Chances are at some point you’ve asked yourself the question “Is it cheaper to pay a mortgage than it is to rent?” Well, we finally have an answer for a few locations across the country.
When the COVID-19 pandemic hit America and sent people fleeing from small apartments in the biggest cities, it immediately propelled rent and home prices in opposite directions. However, despite quickly escalating home prices, there are still many places across the country where the typical monthly mortgage payment is on par or below-market rent. This creates great opportunities for both prospective home buyers and real estate investors.
There is plenty of evidence to confirm that homes are indeed getting more expensive compared to rental units. Just before the start of 2020, home and rent prices were growing at the same rate: 3.7% year-over-year, according to the Federal Reserve’s tracking of the urban rent and home price indexes. Within months, however, rental costs experienced an uncharacteristic cooling off that slowed growth to less than 2% annually by April 2021. Meanwhile, the effects of the pandemic nearly quadrupled the growth rate of home prices, catapulting it to 14.6% by April 2021.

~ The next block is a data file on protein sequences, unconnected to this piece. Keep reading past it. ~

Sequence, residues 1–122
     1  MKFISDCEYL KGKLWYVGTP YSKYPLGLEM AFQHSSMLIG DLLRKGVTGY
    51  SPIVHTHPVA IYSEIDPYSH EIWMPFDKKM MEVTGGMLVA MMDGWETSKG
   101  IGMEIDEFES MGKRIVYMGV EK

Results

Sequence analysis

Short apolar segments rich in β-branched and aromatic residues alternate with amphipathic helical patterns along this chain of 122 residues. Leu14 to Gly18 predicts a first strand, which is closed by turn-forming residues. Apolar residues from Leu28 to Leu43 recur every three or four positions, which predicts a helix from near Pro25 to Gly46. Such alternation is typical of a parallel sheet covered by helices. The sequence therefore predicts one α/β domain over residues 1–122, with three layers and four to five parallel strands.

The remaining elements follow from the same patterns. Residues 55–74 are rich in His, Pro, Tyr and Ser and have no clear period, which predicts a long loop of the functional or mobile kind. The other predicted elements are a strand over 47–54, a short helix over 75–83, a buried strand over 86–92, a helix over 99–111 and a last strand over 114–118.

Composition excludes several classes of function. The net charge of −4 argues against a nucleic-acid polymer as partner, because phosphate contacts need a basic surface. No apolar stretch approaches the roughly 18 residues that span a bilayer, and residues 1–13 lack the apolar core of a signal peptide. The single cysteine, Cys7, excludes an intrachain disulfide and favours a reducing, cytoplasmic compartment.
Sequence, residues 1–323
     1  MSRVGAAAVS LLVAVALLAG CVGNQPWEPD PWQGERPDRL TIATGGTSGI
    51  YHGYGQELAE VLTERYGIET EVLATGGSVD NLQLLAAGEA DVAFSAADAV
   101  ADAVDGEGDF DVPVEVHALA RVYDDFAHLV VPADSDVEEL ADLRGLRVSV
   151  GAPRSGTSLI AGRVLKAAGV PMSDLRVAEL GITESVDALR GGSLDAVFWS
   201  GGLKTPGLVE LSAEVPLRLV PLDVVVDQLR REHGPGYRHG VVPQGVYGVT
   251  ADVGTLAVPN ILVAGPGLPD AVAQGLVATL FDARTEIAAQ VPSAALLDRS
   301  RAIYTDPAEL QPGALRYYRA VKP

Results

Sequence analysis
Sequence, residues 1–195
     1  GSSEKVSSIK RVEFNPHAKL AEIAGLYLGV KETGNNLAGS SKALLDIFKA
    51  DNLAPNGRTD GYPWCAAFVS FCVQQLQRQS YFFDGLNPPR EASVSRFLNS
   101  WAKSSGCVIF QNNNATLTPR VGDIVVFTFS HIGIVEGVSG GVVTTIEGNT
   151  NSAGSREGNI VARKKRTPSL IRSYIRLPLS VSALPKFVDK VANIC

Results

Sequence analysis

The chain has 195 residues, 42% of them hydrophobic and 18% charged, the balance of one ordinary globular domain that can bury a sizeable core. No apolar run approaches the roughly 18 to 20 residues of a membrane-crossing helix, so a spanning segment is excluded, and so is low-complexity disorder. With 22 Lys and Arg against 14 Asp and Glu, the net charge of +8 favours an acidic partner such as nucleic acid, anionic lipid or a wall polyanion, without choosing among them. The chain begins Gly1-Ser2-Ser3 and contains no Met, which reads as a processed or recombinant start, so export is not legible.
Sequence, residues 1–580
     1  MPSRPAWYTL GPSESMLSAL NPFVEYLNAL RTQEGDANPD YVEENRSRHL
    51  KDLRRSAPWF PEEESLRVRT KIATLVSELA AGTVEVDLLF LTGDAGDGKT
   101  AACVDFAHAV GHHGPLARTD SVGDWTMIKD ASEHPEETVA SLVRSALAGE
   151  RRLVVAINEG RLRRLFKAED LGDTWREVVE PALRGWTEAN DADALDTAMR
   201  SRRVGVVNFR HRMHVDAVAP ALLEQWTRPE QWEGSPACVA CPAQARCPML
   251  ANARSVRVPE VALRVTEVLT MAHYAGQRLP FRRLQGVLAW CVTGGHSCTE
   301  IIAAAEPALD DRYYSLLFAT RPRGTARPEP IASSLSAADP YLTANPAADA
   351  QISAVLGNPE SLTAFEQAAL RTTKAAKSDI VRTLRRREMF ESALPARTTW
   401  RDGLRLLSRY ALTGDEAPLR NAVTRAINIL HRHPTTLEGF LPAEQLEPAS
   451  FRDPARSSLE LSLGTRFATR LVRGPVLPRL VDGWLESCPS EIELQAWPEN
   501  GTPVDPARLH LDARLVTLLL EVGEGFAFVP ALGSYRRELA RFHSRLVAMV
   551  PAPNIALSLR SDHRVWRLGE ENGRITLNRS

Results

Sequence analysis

While at first glance these trends might indicate the relative unaffordability of owning when compared to renting. Record-low mortgage rates have dramatically decreased the monthly costs associated with homeownership. Long gone are the days of 15% interest rates from the early 1980s. In fact, interest rates have been below 5% for an entire decade. And at the start of 2021, the 30-year mortgage rate set a new all-time record low at 2.65%. For potential buyers who have been able to save for a down payment or for investors looking to maximize cash flow on a rental property, affordable options still exist in a wide range of markets.
Homeowners and investors get the best deal in West Virginia, where a mortgage payment and property taxes is about half as costly as renting, as well as in Mississippi and the states surrounding it, most of which are more than 30% cheaper to own on a monthly basis. Even other high-growth states like Texas and Florida register 8.6% and 19% discounts for owners.
Note that the comparison only factors in mortgage payments and property taxes. Other costs, such as insurance, HOA fees, and maintenance, also influence the affordability of owning versus renting or the cash flow associated with rental property investment. But the data serves as a reliable directional indicator of where owning is most comparable, or even preferable, to renting.
To find the metropolitan areas where it’s cheaper to buy than rent, researchers at Stessa analyzed data from Zillow, the U.S. Department of Housing and Urban Development, and the U.S. Census Bureau. They calculated the percentage difference between owner payments for a median-priced home and median rent estimates. Owner payments include the mortgage and associated property taxes based on a current 30-year fixed mortgage with a 20% down payment.
The result is that homeowners could save as much as 35% in large metros monthly or even more in smaller locations, potentially pocketing hundreds of dollars each month.
Here are the large metro areas where it’s cheaper to buy than rent.
View the full study here